Tuesday, July 28, 2009

Treasure on Lake Superior: the Hermit Island Caches (Part 1)

(Wisconsin's Apostle Islands.)

Brownstone Was Hermit's Primary Bounty

Historically, Wisconsin's Hermit Island was not noted for treasures of gold, silver, or precious gems. Like other islands in the Apostle Islands chain, Hermit Island's primary bounty came in the form of brownstone, which was quarried and used in the building trades from 1860-1890.You can find Hermit Island and the remainder of the Apostle Islands in Lake Superior, not far offshore from communities like Bayfield and Cornucopia, Wisconsin.

Get Rugged. Visit OutdoorPros.com Today!

But before I begin this 2-part tale of treasure caches on Hermit Island, let me forewarn you. All of the Apostle Islands, including Hermit Island, are now part of the Apostle Islands National Seashore Park. Although I could not find any information to the contrary at the Park's website (http://www.nps.gov/apis), I suspect that any overt (that's the keyword here) treasure hunting activities on Hermit would be frowned upon.

3 Treasure Caches

At any rate, I will cover 3 treasure caches that are said to exist on Hermit Island. Two of the three are reasonably well documented and probably hold water in terms of their probable existence. However, the third would probably be best classified as a "maybe."

If you are are at all interested in pursuing these caches further, I suggest some more extensive research on all three and while doing so, you would be well served in finding out, if possible, whether any overt (or again, covert) treasure hunting has occurred on Hermit Island over the years. In most aspects of treasure hunting, as in many other pursuits, prior knowledge is power.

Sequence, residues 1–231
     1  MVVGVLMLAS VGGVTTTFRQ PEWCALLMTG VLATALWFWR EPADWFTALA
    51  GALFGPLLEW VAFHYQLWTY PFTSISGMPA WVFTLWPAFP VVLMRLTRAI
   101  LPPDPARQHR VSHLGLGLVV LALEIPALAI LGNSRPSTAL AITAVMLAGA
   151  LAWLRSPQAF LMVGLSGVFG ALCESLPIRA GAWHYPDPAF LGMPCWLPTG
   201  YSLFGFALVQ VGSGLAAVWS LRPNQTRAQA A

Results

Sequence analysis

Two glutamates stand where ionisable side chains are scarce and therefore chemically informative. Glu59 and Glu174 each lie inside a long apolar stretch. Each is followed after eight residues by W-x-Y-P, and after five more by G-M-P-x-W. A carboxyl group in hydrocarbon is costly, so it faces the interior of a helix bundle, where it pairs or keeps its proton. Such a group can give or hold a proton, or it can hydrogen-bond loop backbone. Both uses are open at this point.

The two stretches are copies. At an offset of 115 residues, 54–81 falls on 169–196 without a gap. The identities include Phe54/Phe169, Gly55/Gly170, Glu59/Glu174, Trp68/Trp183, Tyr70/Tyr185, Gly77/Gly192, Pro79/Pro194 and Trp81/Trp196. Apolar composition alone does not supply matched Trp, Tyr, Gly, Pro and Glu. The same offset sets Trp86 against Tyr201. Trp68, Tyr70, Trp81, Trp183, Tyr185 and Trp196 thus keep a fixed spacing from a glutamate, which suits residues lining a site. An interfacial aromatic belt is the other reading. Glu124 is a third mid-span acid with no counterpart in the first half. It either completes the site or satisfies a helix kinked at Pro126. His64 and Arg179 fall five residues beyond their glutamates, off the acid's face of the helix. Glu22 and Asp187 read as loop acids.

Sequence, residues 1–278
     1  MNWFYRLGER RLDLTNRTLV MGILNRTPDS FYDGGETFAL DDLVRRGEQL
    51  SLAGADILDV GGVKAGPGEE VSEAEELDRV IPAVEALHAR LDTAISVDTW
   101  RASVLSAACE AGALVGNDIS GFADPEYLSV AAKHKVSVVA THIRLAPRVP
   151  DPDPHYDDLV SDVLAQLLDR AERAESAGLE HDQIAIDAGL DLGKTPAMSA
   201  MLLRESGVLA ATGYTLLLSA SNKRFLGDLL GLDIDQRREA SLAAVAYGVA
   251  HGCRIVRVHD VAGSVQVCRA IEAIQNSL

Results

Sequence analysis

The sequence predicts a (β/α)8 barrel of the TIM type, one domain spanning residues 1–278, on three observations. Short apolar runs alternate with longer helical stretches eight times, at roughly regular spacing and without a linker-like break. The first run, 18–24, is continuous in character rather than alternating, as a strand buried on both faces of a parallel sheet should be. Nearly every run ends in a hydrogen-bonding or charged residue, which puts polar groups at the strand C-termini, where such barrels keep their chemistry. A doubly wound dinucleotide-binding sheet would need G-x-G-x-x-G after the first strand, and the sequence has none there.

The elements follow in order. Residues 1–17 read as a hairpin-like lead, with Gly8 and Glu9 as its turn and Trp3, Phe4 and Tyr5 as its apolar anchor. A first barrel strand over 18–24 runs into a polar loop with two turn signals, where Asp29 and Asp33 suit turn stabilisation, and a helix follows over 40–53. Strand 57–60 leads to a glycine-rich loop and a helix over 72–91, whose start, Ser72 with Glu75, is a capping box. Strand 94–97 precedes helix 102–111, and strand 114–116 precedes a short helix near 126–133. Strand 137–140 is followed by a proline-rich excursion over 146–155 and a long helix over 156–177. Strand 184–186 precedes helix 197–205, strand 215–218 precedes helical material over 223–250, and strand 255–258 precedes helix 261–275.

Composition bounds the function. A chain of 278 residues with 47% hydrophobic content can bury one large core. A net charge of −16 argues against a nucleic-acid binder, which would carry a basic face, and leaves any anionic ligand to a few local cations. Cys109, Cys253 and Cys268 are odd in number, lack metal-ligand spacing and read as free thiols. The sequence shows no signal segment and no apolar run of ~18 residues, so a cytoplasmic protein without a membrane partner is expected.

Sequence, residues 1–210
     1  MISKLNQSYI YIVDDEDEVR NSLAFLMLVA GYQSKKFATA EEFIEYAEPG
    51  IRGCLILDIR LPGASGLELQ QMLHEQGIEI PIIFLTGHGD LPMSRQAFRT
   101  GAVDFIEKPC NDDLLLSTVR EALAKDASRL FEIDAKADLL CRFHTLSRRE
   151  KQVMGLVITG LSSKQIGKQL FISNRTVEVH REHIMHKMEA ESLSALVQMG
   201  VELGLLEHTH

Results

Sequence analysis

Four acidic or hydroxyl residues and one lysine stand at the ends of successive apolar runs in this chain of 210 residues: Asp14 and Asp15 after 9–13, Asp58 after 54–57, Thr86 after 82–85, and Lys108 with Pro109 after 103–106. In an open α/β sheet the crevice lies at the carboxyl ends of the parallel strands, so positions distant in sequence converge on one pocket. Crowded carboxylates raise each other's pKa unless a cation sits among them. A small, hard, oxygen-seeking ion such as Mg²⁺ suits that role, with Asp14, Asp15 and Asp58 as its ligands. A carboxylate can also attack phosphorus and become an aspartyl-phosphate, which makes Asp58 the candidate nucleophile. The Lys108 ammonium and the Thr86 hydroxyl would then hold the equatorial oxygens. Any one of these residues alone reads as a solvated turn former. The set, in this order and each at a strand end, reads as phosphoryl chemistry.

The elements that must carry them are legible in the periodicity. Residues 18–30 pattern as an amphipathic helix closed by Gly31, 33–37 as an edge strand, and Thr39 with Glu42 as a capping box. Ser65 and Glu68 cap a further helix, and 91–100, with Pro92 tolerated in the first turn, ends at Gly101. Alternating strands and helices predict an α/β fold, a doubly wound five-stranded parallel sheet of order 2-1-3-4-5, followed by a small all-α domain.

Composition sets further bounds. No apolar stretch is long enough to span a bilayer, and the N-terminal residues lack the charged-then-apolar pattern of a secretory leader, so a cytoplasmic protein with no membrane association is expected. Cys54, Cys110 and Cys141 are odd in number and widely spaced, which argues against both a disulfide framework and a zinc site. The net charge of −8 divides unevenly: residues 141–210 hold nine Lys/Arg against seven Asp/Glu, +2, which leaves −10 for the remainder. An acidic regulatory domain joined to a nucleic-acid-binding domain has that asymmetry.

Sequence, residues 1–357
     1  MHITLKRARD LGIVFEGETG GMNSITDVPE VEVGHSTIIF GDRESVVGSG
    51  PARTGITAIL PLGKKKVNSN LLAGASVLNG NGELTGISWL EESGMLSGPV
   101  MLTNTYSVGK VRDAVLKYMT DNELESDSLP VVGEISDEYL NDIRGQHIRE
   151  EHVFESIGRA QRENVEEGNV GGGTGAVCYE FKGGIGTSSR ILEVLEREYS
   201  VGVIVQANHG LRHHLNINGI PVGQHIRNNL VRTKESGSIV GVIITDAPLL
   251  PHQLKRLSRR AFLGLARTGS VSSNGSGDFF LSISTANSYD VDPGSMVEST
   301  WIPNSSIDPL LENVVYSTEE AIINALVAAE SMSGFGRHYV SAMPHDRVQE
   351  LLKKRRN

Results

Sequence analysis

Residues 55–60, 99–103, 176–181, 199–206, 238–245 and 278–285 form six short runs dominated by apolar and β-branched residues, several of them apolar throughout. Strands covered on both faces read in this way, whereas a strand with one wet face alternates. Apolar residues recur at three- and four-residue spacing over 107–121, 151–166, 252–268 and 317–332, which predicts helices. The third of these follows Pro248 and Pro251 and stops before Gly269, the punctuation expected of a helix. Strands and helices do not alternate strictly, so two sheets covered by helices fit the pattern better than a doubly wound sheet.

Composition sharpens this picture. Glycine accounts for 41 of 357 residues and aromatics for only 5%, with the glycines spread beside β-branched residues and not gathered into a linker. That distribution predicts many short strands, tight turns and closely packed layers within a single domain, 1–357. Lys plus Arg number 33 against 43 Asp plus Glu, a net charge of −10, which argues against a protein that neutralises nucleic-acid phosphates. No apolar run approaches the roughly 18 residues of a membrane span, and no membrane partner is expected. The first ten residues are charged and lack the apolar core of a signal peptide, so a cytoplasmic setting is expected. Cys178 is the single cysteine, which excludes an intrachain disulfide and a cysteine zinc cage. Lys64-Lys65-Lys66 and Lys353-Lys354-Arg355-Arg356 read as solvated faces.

Treasure Hunting

Here is the first of Hermit Island's 3 treasure caches:

The Prentice Cache(s)

Until his death, Frederick Prentice owned and operated brownstone quarries on Hermit, Bass, and Stockton Islands from 1868 until 1890. By the time Prentice ceased his quarrying operations he had amassed a large fortune, usually estimated to be anywhere from $250,000 to over $1,000,000.

As best I can determine, Prentice lived alone (that is, without a wife or family) on Hermit Island in a home he had built which the locals called "Cedar Bark Lodge." Like many of his generation Prentice did not trust banks and never held an account of any sort, nor did he bequeath his riches to anyone prior to his death.

P&S Fishing Tackle

Prentice's Vast Wealth Hidden on Hermit Island?

So it is generally assumed that Prentice hid his vast wealth in a cache (or caches) somewhere on Hermit Island, perhaps near the site of "Cedar Bark Lodge." Although it's difficult to turn up specifics on what the composition of the Prentice Cache (or caches) may be, I doubt if paper money is involved.

Why do I say this? Well, if we take a close look at Prentice's dislike of banks, his lack of family, and his overall reclusiveness, chances are his wealth was accumulated in the form of gold and silver coin and bullion.


A guy like Prentice would only be interested in the "real goods," not potentially worthless stocks, bonds, or paper currency. That's my read anyway.

I'll discuss Hermit Island's other 2 caches in my next post. Until then, good hunting to one and all.

If you liked this post, you may want to read: "Confederate Treasury Caches in South Carolina (Part 2)"


(c) J.R. 2009

Questions? E-mail me at jr872vt90@yahoo.com